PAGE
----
In the very tiny hours of last Sunday morning, the clocks whizzed forward by one hour, which means we now have to get up one hour earlier than we used to, something my inboard clock has still not happily adjusted to. This change is something we should welcome, as it heralds Western European Summertime, with its promise of balmy days, glowing sunshine, erupting flowers, ripening tomatoes and the casting off of clouts.
Summertime, and the living is easy, fish are jumpin’, and the cotton is high ……….
Summertime, so far, in south-western France, has been cold, wet and windy, and the living in an old, draughty, unheated, inadequately-insulated farmhouse is many things, but not easy. Yesterday the drive to Dieppe was characterised by grey skies of varying intensity from silvery-soft to dirty net curtain, rain of varying density from tickling drizzle to fist-sized splodges (interspersed with hail and something that looked like sheets of ice falling on the windscreen), and crosswinds shoving trucks and tankers around like dodgem cars.
The ferry rocked and rolled from side to side, so that the windows showed one moment a seascape, the next a skyscape, to the accompaniment of a chorus of breaking glass and crockery, and pitched from back to front causing small children to fall flat on their faces and elderly people to slip down the stairs. The winds reached 55 mph, and the fish would have had to leap 15 ft. into the air to clear the tops of the waves. Complexions ranged from pea-green to corpse grey, and the fascinating man sitting near us who wore a multitude of coloured bangles on each wrist, an extraordinary arrangement of grey side-whiskers forming handlebars to his ears, a very large, wide-brimmed purple felt hat and a garment that looked like a grey serape, distressed me by opening up a deep, waxed-paper container and looking into it as if he would at any moment fill it with his breakfast and lunch.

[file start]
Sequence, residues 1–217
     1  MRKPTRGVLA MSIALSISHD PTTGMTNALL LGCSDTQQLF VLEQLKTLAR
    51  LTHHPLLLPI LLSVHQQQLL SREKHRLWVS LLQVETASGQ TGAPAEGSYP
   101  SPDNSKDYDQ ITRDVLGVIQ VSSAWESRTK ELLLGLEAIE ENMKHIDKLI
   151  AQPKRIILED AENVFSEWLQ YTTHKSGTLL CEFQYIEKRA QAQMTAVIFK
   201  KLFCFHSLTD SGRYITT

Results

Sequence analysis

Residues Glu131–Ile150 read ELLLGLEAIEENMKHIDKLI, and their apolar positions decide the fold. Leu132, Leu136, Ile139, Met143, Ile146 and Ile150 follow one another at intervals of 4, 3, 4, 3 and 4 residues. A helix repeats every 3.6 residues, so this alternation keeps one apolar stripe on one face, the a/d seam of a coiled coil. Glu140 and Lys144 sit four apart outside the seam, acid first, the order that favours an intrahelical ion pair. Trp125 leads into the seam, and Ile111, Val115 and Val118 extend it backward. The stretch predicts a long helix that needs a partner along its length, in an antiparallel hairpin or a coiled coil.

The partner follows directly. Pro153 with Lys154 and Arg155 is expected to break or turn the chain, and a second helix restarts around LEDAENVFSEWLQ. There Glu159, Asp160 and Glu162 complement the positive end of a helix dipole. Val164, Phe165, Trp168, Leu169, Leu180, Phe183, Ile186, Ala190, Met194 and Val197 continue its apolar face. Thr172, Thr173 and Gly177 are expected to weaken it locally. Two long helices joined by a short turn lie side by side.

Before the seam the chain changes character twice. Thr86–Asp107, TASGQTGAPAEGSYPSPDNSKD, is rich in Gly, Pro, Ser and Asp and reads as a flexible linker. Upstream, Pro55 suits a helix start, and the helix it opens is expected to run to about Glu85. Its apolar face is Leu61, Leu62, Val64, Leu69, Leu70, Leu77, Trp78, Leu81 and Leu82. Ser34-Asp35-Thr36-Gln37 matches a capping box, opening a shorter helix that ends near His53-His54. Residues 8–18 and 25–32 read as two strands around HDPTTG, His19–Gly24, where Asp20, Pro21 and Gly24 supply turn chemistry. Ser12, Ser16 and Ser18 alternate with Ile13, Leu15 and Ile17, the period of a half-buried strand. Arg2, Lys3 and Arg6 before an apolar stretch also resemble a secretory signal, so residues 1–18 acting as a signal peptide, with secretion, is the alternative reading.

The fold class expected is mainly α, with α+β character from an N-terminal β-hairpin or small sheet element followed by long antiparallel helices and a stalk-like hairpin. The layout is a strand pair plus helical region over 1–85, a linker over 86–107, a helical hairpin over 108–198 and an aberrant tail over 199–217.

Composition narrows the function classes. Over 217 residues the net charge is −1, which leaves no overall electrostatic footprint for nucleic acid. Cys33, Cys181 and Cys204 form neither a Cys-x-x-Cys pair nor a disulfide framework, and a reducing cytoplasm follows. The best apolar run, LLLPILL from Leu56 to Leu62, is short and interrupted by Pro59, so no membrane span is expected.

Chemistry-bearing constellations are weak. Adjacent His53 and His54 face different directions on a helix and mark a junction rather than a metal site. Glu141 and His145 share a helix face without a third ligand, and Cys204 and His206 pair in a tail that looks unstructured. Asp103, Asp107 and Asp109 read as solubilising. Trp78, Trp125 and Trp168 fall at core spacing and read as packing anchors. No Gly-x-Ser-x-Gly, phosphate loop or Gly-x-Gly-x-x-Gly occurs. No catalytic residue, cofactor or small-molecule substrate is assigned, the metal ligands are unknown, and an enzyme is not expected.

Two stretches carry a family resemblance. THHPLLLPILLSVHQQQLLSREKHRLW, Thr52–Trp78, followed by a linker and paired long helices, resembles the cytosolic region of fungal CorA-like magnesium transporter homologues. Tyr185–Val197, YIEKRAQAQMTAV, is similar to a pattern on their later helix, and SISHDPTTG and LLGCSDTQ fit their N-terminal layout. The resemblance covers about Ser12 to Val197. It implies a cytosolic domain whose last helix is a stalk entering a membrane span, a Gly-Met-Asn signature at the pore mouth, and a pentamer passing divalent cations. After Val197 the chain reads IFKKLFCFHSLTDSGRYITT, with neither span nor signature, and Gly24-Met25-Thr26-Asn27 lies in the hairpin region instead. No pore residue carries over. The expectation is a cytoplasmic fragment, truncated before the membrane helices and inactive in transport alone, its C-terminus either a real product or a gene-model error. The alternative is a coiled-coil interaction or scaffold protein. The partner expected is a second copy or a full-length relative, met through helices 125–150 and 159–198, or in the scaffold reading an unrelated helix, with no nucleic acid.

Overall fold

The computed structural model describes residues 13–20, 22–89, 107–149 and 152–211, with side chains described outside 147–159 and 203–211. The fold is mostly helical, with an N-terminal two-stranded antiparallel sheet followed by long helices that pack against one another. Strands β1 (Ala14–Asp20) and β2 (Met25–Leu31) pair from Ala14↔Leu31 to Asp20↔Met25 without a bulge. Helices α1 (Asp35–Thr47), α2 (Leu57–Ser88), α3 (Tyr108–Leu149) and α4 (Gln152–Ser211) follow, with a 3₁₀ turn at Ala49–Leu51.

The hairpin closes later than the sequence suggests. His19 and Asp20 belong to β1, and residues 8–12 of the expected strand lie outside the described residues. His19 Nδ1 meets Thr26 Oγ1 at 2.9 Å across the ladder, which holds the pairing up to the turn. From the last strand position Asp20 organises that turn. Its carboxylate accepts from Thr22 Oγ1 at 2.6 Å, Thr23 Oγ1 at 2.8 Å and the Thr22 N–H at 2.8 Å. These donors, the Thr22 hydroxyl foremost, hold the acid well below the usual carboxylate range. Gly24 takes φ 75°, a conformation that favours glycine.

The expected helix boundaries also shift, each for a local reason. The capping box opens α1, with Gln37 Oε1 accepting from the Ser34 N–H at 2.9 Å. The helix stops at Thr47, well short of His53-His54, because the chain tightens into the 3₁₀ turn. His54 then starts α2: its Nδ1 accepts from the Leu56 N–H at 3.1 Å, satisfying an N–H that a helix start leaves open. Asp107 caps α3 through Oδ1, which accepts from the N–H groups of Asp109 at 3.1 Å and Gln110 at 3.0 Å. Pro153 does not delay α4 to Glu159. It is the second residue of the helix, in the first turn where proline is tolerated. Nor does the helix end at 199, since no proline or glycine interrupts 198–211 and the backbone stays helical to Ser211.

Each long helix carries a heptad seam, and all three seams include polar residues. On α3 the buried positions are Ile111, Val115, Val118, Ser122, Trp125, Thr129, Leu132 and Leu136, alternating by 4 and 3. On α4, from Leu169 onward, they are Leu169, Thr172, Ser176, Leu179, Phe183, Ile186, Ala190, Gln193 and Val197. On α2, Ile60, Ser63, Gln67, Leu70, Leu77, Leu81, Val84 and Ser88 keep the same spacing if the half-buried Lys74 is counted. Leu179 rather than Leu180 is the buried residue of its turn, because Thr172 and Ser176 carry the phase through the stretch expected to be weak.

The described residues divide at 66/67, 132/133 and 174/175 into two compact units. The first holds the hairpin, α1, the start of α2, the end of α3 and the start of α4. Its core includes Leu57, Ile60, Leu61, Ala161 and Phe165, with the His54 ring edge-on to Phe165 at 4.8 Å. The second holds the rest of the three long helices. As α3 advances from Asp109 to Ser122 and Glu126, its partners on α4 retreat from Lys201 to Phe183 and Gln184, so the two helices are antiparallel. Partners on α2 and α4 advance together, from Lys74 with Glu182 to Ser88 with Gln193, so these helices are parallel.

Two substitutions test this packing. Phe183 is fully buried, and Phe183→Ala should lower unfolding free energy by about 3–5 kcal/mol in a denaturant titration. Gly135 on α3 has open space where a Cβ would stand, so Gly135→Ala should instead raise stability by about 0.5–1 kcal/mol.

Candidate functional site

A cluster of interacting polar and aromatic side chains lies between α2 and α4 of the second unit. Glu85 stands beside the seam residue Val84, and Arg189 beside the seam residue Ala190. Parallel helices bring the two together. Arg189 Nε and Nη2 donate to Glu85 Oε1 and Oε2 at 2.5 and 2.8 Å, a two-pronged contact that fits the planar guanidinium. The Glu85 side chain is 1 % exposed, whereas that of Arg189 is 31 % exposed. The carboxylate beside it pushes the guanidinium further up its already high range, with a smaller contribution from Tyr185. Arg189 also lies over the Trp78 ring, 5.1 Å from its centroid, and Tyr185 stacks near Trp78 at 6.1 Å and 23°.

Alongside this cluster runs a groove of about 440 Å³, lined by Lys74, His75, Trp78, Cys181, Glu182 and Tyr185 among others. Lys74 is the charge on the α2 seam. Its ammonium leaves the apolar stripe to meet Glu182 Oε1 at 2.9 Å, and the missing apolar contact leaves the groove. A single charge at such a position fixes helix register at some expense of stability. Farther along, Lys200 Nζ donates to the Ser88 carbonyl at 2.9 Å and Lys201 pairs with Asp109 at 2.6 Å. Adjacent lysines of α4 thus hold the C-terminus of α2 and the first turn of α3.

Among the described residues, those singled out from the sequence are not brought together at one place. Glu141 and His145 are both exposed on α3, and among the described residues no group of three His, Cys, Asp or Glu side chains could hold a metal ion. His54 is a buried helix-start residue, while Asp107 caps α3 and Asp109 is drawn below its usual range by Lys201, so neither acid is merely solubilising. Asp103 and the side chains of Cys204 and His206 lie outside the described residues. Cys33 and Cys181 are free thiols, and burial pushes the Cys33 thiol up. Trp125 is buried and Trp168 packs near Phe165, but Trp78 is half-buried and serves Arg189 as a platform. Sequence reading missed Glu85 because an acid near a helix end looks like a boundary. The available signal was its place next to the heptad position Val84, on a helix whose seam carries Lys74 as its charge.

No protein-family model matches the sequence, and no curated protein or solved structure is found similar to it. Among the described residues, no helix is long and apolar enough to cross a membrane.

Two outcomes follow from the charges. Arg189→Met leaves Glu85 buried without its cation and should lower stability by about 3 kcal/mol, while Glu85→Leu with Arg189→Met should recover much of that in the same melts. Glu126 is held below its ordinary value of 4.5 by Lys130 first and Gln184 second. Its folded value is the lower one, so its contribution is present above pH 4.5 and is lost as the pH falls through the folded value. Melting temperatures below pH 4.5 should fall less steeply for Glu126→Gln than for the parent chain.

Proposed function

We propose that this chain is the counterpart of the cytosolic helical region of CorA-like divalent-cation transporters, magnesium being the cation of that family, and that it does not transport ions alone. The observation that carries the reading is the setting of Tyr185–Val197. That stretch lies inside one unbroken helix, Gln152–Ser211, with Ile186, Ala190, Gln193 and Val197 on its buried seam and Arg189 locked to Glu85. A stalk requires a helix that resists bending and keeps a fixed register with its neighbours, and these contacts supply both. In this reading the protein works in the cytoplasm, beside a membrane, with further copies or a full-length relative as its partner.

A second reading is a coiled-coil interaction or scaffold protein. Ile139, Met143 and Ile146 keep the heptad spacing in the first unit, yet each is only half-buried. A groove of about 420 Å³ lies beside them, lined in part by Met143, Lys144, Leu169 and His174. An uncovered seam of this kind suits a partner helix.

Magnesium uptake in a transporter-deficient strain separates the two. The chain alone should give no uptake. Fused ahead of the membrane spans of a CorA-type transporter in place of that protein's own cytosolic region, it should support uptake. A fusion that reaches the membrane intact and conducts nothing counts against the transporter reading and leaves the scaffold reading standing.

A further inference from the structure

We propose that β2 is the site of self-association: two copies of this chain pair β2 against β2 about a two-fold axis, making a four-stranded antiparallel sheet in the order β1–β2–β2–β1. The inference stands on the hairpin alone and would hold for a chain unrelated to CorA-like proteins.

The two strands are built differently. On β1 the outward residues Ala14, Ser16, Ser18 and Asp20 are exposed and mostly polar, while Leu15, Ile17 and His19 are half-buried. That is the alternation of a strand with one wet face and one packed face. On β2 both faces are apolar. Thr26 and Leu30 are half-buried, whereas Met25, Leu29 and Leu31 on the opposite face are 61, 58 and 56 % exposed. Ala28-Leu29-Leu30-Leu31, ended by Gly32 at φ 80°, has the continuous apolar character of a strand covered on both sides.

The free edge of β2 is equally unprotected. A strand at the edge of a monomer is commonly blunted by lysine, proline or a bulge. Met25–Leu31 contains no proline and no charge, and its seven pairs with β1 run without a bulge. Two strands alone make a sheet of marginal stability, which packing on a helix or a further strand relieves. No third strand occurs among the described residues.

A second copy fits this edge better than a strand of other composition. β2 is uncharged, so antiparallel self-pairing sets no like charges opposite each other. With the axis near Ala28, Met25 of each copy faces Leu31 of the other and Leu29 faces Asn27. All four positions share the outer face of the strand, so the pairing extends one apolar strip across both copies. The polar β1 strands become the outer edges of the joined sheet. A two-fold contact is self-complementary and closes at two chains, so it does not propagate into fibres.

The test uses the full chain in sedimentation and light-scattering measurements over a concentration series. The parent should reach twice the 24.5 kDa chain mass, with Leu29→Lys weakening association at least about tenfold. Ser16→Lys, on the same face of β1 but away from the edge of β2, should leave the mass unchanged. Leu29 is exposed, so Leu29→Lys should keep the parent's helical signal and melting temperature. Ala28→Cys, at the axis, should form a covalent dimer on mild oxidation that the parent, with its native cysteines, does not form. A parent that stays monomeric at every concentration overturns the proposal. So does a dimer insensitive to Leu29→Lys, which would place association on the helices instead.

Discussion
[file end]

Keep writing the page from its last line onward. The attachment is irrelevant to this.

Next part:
A shipwreck in stormy seas, by Claude-Joseph Vernet
To the ferry’s credit it arrived intact and dead on time in Newhaven, where the rain was being driven in horizontal sheets across the roads by screeching winds, and the temperature wasn’t very much above freezing. This morning London is bitterly cold with quite violent winds, and people are swaddled in woolly hats, scarves, padded coats and furry boots. Further north the roads are impassable due to heavy snowfalls, and tomorrow we can look forward to a frosty start.
Western European Summertime? Surely a misleading description, something Trading Standards should be investigating?